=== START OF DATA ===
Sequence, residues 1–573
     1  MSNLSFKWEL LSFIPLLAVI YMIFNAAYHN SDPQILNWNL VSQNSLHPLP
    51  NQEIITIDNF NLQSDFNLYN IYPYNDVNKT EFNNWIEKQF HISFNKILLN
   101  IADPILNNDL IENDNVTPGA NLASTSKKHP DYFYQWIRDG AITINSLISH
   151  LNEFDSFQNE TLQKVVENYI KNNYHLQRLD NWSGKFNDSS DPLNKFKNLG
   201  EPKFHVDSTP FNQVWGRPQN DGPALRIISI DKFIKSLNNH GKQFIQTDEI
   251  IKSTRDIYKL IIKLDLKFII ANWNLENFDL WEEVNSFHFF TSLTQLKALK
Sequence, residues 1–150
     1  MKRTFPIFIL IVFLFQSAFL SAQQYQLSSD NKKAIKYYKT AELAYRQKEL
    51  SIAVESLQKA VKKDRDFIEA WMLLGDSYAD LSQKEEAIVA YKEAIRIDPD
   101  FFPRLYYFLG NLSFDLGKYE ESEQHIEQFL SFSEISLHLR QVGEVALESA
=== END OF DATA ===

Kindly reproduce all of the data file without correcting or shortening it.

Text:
Sequence, residues 1–573
     1  MSNLSFKWEL LSFIPLLAVI YMIFNAAYHN SDPQILNWNL VSQNSLHPLP
    51  NQEIITIDNF NLQSDFNLYN IYPYNDVNKT EFNNWIEKQF HISFNKILLN
   101  IADPILNNDL IENDNVTPGA NLASTSKKHP DYFYQWIRDG AITINSLISH
   151  LNEFDSFQNE TLQKVVENYI KNNYHLQRLD NWSGKFNDSS DPLNKFKNLG
   201  EPKFHVDSTP FNQVWGRPQN DGPALRIISI DKFIKSLNNH GKQFIQTDEI
   251  IKSTRDIYKL IIKLDLKFII ANWNLENFDL WEEVNSFHFF TSLTQLKALK
Sequence, residues 1–150
     1  MKRTFPIFIL IVFLFQSAFL SAQQYQLSSD NKKAIKYYKT AELAYRQKEL
    51  SIAVESLQKA VKKDRDFIEA WMLLGDSYAD LSQKEEAIVA YKEAIRIDPD
   101  FFPRLYYFLG NLSFDLGKYE ESEQHIEQFL SFSEISLHLR QVGEVALESA